Booting into recovery mode takes a long time so seems like something you’d teach the desktop techs to do rather than expect users to do a-la-“Erase all Contents and Settings” button. The whole process takes about 20 minutes because of how long it takes to boot into this state and revert.

It’s actually just as quick to do a full reinstallation. This can be as simple as using the startosinstall --eraseinstall command, which provides a number of options. It seems silly to load up a whole new operating system when you have one there, but assuming you have decent internet speeds, it’s just as fast to do so. There’s even a gui wrapper for it to make the whole process easier for your users at which could then be provided in tools like Managed Software Center and Self Service. You could also try and remove all user and app data using a script but that has turned out to be a lot of moving parts that requires constant updates.

If you were to opt into a snapshot-based restore option, it’s also worth noting that if you have outdated certificates, outdated passwords, outdated software, etc, that it can be problematic. So we’re pretty much right back to erase-install.

Other people have gone down this same rabbit hole:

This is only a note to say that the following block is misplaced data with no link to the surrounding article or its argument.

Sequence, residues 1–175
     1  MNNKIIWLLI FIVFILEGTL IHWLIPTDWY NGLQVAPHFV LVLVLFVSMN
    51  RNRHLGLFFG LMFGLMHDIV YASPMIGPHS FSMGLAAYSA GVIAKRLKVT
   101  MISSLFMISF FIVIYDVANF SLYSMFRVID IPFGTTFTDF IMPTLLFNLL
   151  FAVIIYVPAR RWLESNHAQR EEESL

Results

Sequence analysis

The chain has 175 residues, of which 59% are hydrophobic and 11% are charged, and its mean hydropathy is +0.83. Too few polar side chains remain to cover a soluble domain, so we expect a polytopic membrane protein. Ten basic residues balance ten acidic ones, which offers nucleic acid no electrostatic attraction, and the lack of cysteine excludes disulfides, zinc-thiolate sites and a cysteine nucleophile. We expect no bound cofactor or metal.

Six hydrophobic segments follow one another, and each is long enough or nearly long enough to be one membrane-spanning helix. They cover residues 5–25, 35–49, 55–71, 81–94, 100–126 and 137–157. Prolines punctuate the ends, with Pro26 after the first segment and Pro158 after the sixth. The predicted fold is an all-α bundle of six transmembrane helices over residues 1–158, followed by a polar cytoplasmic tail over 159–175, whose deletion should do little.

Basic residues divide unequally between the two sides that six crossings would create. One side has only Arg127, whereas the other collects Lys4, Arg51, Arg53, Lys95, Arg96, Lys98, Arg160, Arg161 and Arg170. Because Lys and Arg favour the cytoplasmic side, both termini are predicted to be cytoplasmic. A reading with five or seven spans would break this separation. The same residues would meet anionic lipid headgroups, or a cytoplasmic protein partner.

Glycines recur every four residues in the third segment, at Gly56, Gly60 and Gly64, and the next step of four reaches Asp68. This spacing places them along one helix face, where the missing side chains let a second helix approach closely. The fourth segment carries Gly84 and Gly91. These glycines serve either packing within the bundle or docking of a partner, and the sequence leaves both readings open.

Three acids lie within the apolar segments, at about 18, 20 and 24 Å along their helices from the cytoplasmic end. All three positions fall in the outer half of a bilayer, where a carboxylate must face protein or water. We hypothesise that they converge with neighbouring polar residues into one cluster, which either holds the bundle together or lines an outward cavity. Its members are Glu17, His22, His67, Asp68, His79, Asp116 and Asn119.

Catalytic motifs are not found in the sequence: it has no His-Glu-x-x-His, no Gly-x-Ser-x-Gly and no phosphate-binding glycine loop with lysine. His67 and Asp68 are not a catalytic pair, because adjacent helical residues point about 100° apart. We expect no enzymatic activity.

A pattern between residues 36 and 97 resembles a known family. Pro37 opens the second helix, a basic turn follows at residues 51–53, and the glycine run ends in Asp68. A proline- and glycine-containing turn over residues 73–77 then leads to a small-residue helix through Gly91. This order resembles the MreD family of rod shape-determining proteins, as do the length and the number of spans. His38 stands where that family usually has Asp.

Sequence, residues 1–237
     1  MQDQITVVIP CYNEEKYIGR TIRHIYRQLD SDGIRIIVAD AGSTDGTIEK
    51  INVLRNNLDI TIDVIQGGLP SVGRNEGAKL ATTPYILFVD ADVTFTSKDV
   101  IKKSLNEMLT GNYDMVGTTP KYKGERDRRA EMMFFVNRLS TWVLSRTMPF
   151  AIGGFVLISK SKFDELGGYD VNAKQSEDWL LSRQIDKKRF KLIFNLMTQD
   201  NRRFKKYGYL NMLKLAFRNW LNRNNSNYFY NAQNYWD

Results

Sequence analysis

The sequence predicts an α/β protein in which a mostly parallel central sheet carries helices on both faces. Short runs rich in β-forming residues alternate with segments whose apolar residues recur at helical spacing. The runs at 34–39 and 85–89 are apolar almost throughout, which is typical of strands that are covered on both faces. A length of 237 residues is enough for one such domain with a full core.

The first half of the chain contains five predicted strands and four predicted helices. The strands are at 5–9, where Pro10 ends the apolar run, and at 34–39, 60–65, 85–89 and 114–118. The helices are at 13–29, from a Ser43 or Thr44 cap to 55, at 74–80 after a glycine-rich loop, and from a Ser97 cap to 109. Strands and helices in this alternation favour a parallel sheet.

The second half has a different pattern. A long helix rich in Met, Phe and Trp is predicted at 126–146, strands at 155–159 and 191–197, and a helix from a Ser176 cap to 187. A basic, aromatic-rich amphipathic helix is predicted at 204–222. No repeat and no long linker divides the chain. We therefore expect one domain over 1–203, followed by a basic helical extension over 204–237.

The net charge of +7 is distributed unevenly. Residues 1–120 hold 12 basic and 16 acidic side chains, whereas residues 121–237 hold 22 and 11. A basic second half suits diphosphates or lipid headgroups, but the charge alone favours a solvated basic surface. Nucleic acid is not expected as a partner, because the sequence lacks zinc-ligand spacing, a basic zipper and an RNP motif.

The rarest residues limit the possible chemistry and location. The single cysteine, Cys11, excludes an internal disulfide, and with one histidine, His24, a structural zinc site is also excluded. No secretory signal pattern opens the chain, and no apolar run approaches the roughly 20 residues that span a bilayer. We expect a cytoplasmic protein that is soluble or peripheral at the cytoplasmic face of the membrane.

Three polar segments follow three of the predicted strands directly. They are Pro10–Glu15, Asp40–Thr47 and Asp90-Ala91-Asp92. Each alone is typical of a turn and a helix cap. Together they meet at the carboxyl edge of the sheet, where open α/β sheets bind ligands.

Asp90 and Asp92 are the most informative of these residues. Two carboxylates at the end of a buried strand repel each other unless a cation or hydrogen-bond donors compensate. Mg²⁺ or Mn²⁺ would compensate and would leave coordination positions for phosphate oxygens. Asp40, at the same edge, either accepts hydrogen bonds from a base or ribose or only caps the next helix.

So my initial goal was to create an article on doing an elegant restore process for the Mac, where you script more of it and provide a better experience. But alas, I have failed ya’. Sorry. Do you have a better way? If so, please comment!


A framework is a type of bundle that packages dynamic shared libraries with the resources that the library requires, including files (nibs and images), localized strings, header files, and maybe documentation. The .framework is an Apple structure that contains all of the files that make up a framework.

Frameworks are stored in the following location (where the * is the name of an app or framework):

  • /Applications/*contents/Frameworks
  • /Library/*/
  • /Library/Application Support/*/*.app/Contents/
  • /Library/Developer/CommandLineTools/
  • /Library/Developer/
  • /Library/Frameworks
  • /Library/Printers/
  • /System/iOSSupport/System/Library/PrivateFrameworks
  • /System/iOSSupport/System/Library/Frameworks
  • /System/Library/CoreServices
  • /System/Library/Frameworks
  • /System/Library/PrivateFrameworks
  • /usr/local/Frameworks 

If you just browse through these directories, you’ll see so many things you can use in apps. You can easily add an import followed by the name in your view controllers in Swift. For example, in /System/Library/Frameworks you’ll find the Foundation.framework. Foundation is pretty common as it contains a number of APIs such as NSObject (NSDate, NSString, and NSDateFormatter). 

You can import this into a script using the following line:

import Foundation

As with importing frameworks/modules/whatever (according to the language) – you can then consume the methods/variables/etc in your code (e.g.  let url = NSURL(fileURLWithPath: “names.plist”).

Super-Simple Bash Graphs

The sparkr gem is installed by default in macOS. To use it to produce simple graphs, simply run it followed by a series of integers: